For much of the 20th century, then, the general movement of economic policy in capitalist societies was towards an expanded role for the state, including an expansion of the scope and extent of public ownership of industry. In the light of movements towards a greater role for markets in communist countries, it was widely anticipated that capitalist and communist economic systems would converge in a ‘mixed economy’.

The term ‘mixed economy’ was popularized by British economist Andrew Shonfield to describe the economic system of the postwar era. This system was not a compromise between comprehensive state socialism and free market capitalism, as is often supposed. Rather, in seeking a market system actively managed by governments the mixed economy transcended this dichotomy. It was, and remains, unlike the vaporous offerings of Tony Blair and Bill Clinton in the 1990s, a genuine ‘Third Way’.

During the era of the mixed economy, the boundaries between the public and private sector were regularly readjusted, and not always in the same direction. While the predominant trend was for the role of the state to expand through the nationalization of existing private enterprises or the establishment of new public enterprises, it was quite common enough for publicly owned enterprises to be returned to the private sector2. By 1970, the success of the welfare state and the mixed economy seemed undeniable. Hopes turned to the prospect of a further transformation, not fully defined, in which the remaining inequalities and injustices of capitalism would be greatly reduced, if not eliminated.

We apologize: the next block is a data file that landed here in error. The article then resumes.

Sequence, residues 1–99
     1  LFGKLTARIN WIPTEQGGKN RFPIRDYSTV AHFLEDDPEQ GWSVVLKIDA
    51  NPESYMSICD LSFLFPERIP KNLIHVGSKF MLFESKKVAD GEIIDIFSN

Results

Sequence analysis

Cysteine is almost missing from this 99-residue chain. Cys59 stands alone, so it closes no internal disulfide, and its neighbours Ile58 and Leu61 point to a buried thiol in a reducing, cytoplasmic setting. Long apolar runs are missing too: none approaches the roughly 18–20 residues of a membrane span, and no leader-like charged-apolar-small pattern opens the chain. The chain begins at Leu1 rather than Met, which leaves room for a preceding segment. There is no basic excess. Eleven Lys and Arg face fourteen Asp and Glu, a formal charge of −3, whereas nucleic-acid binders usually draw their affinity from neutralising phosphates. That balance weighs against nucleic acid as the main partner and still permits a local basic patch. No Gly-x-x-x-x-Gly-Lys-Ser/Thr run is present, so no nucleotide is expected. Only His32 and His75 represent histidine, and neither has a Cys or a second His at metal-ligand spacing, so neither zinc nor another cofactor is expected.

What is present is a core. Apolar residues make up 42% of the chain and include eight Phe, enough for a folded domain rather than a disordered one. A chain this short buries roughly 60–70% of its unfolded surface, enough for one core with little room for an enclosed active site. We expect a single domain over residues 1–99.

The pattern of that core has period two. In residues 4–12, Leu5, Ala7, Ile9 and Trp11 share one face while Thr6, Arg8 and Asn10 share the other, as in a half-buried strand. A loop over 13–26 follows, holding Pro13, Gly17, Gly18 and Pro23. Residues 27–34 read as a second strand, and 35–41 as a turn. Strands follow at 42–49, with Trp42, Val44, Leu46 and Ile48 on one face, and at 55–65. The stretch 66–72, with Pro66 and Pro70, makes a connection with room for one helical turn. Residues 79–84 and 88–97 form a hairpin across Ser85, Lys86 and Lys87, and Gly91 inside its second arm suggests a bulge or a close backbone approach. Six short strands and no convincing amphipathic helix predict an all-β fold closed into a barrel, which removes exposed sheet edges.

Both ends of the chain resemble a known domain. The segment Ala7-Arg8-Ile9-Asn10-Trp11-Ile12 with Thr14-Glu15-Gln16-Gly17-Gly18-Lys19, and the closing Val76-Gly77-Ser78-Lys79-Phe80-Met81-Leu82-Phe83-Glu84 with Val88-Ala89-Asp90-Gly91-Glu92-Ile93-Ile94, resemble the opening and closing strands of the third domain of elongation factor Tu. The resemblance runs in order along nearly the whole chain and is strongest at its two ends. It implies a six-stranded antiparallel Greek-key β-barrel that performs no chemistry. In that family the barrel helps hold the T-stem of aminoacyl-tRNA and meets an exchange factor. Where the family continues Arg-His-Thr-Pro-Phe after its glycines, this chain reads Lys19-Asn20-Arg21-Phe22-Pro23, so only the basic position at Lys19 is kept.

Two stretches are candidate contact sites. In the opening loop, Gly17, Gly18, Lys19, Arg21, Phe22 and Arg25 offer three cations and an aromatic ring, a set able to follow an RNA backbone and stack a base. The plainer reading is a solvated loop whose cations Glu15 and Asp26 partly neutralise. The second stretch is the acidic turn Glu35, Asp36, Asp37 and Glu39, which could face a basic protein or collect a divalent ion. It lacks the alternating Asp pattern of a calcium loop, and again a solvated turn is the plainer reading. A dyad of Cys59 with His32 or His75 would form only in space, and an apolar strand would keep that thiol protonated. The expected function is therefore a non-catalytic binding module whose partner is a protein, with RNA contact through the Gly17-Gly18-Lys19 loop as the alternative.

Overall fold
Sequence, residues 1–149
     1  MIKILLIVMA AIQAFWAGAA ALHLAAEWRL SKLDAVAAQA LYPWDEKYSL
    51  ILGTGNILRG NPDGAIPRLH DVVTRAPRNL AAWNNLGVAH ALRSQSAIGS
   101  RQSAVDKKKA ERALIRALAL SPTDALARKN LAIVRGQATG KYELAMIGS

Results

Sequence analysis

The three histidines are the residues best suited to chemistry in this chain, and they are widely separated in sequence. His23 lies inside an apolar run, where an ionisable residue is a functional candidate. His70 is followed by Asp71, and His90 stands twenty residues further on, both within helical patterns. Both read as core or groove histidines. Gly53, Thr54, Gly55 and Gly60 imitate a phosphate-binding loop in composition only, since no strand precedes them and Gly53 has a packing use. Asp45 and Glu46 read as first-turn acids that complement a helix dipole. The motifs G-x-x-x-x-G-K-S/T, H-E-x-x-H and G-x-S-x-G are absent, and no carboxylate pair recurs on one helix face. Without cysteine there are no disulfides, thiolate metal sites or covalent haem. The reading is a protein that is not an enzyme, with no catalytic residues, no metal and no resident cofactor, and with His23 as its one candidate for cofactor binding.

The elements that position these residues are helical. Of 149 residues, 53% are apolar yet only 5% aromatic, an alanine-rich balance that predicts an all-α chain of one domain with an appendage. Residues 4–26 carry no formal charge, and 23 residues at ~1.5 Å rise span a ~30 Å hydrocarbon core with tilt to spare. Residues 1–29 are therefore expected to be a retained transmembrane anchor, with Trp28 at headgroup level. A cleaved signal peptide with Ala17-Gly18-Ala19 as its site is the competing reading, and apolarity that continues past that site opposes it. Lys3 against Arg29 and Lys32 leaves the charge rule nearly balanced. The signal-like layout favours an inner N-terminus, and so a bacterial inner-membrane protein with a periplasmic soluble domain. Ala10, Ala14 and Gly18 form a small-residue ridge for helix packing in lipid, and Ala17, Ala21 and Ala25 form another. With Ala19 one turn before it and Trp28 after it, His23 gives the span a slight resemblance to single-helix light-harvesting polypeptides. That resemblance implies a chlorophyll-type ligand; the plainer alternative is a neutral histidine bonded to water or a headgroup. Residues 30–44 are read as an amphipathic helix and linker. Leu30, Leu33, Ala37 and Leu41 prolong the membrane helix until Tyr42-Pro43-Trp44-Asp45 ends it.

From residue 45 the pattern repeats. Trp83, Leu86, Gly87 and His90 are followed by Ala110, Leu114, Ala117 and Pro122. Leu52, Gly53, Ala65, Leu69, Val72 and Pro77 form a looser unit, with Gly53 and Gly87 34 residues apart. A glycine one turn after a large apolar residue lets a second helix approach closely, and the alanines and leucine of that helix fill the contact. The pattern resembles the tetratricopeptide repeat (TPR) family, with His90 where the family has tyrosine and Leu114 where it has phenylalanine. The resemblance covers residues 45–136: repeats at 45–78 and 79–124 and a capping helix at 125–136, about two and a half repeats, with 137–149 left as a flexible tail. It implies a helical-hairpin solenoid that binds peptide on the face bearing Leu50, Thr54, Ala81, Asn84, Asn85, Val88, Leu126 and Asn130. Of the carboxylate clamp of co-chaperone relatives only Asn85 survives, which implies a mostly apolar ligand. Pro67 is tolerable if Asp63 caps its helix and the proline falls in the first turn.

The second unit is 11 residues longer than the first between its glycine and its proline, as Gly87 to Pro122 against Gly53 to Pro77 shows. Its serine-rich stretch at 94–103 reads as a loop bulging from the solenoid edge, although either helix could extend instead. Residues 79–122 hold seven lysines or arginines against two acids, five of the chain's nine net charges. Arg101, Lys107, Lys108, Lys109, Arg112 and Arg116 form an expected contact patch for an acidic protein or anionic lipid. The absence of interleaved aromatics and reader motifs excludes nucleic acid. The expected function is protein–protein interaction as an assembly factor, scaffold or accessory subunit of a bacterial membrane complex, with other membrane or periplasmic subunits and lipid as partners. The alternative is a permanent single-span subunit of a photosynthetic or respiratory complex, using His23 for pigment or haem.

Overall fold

The most promising proposals centered on notions of industrial democracy. In Sweden, the peak union body, the LO put forward a proposal, developed by economist Rudolf Meidner to require all companies above a certain size to issue new stock shares to workers, so that within 20 years the workers would control 52% of the companies they worked in.

But it was not to be.

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1 Robert Shiller has long argued that new financial instruments could reduce the riskiness of investments in home ownership, but his efforts to promote the development of such instruments have had only limited success
2 The phrase commonly used at the time was ‘denationalization’. Peter Drucker used ‘reprivatization. An earlier usage under the Nazis is noted ).